| Observatory Gets Star Treatment
The telescope in the Gilbert Roberts Observatory has been updated with new technology and is nearly ready to offer more heavenly views.
Observatory and Telescope
The telescope and dome are now controlled by a computer. "We can select an object displayed on the control screen, select it, and the telescope and dome will slew into position so that the object appears in the eyepiece of the telescope. The telescope and dome will continue to track (move) to keep the object centered," said Dr. Smith Powell, physics professor. The new system tracks better and the telescope points quicker and better than before.
The telescope, its control system and electronics were designed more than forty years ago and could not be changed over to computer control, so the right ascension and declination drives (which steered the telescope toward precise locations on a celestial map) were removed, as were the primary gears and focusing motor. These were replaced with stepper motors and optical encoders installed by DFM Engineering, a company that retrofits older telescopes and designs its own. A computer and software were added, the telescope was recollimated and a pointing model was obtained, according to Dr. Powell.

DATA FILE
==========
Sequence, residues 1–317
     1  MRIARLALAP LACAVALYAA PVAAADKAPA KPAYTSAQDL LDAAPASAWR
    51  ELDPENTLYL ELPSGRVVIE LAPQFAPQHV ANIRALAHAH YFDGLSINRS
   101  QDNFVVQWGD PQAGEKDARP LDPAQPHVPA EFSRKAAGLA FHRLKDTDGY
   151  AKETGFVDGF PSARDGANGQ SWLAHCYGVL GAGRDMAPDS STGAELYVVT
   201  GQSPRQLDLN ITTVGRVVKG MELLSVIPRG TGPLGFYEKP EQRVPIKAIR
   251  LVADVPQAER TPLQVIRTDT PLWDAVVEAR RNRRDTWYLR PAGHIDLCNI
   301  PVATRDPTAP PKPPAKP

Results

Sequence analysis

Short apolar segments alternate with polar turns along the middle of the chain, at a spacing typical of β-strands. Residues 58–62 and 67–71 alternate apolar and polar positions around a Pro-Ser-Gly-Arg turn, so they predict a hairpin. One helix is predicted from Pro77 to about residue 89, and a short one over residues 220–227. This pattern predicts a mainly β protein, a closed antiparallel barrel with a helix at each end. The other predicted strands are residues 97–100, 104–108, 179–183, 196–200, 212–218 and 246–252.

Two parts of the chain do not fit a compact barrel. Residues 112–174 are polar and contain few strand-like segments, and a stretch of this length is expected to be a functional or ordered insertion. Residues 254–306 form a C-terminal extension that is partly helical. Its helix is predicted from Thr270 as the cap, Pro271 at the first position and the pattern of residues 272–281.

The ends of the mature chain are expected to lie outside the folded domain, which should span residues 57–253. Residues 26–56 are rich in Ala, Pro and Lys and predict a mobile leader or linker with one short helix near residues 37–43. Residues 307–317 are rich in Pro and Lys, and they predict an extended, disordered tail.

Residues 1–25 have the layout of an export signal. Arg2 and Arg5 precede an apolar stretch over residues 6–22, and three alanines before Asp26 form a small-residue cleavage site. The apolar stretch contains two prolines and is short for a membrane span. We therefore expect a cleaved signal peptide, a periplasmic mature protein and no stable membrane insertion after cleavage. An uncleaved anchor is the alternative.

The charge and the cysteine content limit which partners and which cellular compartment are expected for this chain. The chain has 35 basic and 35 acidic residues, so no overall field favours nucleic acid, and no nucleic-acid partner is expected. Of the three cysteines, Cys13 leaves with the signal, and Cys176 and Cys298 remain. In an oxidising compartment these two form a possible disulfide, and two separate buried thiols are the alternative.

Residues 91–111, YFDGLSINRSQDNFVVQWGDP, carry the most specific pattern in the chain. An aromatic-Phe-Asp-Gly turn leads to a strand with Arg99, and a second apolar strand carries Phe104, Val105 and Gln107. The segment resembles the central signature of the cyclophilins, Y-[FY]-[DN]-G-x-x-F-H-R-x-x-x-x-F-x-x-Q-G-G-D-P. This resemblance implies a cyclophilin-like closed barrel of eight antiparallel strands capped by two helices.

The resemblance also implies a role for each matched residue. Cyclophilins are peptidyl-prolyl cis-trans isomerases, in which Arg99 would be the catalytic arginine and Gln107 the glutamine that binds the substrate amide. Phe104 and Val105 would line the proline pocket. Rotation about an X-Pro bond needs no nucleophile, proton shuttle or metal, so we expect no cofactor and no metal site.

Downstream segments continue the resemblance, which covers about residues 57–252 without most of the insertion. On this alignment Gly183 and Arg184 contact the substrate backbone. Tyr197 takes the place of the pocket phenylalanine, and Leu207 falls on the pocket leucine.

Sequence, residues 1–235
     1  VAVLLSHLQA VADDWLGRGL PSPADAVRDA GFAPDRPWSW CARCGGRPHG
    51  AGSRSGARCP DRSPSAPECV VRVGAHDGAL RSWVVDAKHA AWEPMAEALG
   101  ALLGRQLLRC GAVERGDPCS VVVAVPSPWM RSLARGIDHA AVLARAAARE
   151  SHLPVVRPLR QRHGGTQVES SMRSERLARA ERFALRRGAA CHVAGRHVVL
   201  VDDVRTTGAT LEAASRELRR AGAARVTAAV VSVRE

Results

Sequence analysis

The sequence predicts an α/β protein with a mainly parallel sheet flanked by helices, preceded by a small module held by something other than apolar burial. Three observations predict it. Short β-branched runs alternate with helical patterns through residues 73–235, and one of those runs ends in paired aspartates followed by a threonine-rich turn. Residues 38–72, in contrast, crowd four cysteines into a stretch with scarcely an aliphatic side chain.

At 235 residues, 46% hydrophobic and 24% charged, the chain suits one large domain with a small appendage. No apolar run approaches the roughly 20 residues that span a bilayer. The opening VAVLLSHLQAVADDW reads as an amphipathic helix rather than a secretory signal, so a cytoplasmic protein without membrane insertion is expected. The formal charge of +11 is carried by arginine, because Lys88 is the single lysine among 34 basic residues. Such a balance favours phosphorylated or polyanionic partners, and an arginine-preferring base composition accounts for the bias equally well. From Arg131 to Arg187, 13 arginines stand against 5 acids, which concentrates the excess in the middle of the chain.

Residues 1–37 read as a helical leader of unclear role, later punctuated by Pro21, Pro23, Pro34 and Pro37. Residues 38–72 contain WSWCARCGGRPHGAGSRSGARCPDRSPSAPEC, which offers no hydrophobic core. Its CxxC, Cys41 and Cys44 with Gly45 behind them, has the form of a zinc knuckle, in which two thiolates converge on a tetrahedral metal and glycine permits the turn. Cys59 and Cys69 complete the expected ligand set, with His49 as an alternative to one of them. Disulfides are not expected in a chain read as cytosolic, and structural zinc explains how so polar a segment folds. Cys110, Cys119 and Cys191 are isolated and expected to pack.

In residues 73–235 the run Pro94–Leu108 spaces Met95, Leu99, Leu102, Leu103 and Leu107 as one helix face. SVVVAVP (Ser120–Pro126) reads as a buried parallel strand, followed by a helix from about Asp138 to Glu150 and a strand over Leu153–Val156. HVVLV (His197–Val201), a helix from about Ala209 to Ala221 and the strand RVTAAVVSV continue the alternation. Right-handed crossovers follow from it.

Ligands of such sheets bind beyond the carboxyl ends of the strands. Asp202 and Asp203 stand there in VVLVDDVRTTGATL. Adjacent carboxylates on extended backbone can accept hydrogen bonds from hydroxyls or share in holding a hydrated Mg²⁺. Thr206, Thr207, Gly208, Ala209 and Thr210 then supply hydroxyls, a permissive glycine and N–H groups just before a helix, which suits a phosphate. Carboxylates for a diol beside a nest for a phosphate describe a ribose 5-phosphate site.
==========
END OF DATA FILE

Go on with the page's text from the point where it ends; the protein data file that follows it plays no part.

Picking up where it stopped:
The system will be operating soon and the observatory will continue its open house schedule from four years ago. "Students, staff and townspeople can use the telescope to view some of the wonders of the night sky," said Powell. "In addition, we will develop research projects. One student already wants to use the telescope in his senior research project. New faculty will use the telescope in their research and for student projects." The telescope was also updated with additional capabilities for sharing its use. In the future, if Berea wanted to set up the system to share control with another telescope on the other side of the world, the capabilities are now there to do so.
"I am pleased that I can turn over a working telescope rather than a crippled one to the new astronomy professor that will join our staff this fall," said Powell.
The improvements totaled a little more than $65,000. The science department received an initial grant for $25,000 from a donor to be applied to the astronomy program at Berea. "The rest of the funds came from the US Department of Education grant for $500,000 that Berea College received last summer through the efforts made by Dean Stephanie Browner and Senator Jim Bunning," said Dr. Powell.
The observatory in the Charles M. Hall Science Building was updated three years ago by Science Technician Dan Brewer and student, Dennis Burton. Dennis received the Danforth Creative Effort Award in 2004 for making the trap door into the observatory more accessible, cleaning and painting the observatory, and building hand rails, book shelves, and a better desk. "All were needed," said Powell.
For more information please contact Dr. Smith Powell at email@example.com or 859-985-3301.